Such a despicable crime defies comprehension. One cannot use the term terrorism, even though the act triggers fear, since there is no ideological or political aim. Although such mass murder is heinous and inhuman, it cannot be considered as a crime against humanity without political, philosophical, racial, or religious motives.
Yet such a crime is a denial of humanity, not only of one person, but of a large number of victims who were, with a few exceptions, anonymous and had nothing to do with the perpetrator’s frustrating life experience or the organization on which he cast blame.
Such acts challenge our ability to react. Efforts are made to secure public places; companies and regulatory authorities will revise air transport security protocols, but criminal law cannot have any effect on the criminal who kills himself in the process.
Pictures of this young man smiling in front of the Golden Gate Bridge or wearing glittering sportswear have been shown all around the world. They ensure the triumph of the diabolical ego of potential mass murderers and are an insult to the families of the victims. Let us punish such odious beings using one of the harshest sanctions the social group can inflict, a total and absolute anonymous treatment. May his face be concealed with black on any video or photographic representation, may his name be ignored forever. In the past, France used to inflict the sentence of “civil death,” a sanction that until 1854 would treat convicts serving a life sentence as dead. Though physically alive, the convict was treated as dead, losing legal personality and all its attributes. Let us impose the sentence of “social death,” by no longer recognizing as human those denying our humanity.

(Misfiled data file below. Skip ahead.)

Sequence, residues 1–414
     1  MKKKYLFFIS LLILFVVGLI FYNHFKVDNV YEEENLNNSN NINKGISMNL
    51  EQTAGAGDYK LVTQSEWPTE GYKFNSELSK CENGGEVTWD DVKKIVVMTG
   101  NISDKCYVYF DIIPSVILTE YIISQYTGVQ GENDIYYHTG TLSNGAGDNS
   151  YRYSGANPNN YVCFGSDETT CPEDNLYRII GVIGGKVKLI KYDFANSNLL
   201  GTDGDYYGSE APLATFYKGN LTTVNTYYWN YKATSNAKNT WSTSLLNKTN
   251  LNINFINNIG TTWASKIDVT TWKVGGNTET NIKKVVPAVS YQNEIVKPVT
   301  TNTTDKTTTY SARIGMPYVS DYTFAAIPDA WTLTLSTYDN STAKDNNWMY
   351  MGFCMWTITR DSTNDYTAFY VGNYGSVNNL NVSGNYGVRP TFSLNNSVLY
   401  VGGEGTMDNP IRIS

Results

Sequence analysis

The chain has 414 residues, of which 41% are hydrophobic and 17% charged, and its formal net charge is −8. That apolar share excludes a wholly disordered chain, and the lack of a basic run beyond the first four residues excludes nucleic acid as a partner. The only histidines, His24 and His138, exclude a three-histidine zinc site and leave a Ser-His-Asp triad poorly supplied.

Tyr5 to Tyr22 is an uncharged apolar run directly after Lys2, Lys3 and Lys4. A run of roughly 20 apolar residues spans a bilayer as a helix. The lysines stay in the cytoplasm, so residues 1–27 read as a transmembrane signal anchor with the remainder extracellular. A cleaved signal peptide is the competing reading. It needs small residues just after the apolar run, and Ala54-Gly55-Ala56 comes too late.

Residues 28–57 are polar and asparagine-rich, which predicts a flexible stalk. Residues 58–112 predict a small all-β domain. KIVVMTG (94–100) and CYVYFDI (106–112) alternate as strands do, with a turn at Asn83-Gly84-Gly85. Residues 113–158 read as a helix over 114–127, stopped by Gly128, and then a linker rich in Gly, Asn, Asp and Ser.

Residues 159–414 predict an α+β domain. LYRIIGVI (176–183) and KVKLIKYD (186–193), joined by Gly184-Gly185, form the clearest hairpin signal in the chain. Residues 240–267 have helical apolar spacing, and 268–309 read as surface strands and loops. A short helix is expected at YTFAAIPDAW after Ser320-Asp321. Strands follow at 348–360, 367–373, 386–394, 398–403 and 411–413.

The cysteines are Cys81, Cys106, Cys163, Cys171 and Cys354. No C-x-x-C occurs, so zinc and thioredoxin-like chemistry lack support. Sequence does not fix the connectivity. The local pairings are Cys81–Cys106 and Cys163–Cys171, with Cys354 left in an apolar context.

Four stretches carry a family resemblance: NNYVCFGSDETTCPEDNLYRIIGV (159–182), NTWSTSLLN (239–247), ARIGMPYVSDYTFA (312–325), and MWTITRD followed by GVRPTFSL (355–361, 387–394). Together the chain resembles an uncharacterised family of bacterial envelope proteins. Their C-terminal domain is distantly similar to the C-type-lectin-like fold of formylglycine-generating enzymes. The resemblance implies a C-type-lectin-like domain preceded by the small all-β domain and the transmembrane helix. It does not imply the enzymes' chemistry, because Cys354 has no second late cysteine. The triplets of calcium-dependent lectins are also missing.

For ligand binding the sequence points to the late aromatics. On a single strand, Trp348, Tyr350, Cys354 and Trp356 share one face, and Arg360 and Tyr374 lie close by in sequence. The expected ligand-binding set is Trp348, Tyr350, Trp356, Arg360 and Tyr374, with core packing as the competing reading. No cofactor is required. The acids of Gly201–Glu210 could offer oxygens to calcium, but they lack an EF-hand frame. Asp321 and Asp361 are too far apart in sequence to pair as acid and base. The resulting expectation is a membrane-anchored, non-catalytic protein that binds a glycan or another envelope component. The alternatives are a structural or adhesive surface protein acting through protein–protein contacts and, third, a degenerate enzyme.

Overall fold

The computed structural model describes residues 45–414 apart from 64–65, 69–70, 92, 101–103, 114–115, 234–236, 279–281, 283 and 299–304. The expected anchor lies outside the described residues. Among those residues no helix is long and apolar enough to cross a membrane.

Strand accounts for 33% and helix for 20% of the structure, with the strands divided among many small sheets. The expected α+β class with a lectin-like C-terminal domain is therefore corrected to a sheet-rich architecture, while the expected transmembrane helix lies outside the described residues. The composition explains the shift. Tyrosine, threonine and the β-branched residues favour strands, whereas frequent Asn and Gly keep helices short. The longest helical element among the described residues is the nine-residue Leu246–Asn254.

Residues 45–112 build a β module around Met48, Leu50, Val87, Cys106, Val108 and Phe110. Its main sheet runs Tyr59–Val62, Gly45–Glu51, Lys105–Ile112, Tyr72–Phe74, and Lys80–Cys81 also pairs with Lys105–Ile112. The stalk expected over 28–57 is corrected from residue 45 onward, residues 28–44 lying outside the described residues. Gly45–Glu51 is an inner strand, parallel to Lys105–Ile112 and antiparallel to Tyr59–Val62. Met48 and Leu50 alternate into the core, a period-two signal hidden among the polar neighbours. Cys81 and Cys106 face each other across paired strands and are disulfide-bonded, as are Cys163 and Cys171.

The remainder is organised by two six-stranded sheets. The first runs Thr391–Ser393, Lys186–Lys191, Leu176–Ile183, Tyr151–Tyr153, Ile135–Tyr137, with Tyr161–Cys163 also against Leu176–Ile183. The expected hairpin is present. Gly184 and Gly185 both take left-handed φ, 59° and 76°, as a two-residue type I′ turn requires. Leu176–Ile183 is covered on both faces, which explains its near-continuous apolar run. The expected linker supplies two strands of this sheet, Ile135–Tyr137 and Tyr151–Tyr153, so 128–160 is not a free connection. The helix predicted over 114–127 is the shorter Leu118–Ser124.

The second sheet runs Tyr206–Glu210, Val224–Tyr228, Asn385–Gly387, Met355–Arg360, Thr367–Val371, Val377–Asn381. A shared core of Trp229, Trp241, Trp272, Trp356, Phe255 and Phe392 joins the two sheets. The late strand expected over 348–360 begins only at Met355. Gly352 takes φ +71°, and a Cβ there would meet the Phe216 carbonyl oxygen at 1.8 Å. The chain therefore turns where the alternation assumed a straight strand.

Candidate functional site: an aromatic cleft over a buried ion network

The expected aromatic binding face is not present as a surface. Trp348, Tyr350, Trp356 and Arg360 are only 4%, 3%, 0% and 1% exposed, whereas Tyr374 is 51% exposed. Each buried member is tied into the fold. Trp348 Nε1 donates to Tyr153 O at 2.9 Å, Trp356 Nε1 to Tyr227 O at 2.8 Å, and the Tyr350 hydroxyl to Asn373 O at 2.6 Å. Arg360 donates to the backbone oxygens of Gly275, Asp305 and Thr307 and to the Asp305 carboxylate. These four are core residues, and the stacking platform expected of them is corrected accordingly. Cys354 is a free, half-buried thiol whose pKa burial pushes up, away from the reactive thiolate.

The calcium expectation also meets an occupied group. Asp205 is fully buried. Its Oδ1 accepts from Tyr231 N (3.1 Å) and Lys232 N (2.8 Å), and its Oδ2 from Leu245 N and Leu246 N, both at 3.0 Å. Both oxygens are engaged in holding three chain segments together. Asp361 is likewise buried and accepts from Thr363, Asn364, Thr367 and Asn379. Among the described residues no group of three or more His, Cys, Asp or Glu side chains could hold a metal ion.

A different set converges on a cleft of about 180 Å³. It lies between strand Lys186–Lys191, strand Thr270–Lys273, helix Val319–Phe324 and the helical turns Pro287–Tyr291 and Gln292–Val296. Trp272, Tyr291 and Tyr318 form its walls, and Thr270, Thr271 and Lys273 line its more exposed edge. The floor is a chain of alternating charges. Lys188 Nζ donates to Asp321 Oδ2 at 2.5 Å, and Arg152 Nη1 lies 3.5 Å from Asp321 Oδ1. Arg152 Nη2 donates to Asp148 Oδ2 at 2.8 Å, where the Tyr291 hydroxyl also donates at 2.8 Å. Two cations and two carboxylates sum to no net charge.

There is no need to amend any law or draft international agreements to do so. Let us act as responsible citizens by changing the law through our collective behavior, which may become a national and international custom. Custom is a way of reclaiming the law where our representatives are slow or powerless in making it evolve. Let us create a usage or common practice of treating collective murderers anonymously, so that neither our contemporaries, nor our descendants will be able to know, or even care to know, the name or the face of those who despise and hate mankind. Some newspapers and television channels already do so. Such behavior must be promoted and generalized. We do not want to allow our contemporaries to make a gruesome connection between happiness and horror; we want to prevent our children from portraying the denial of mankind with smile and innocence.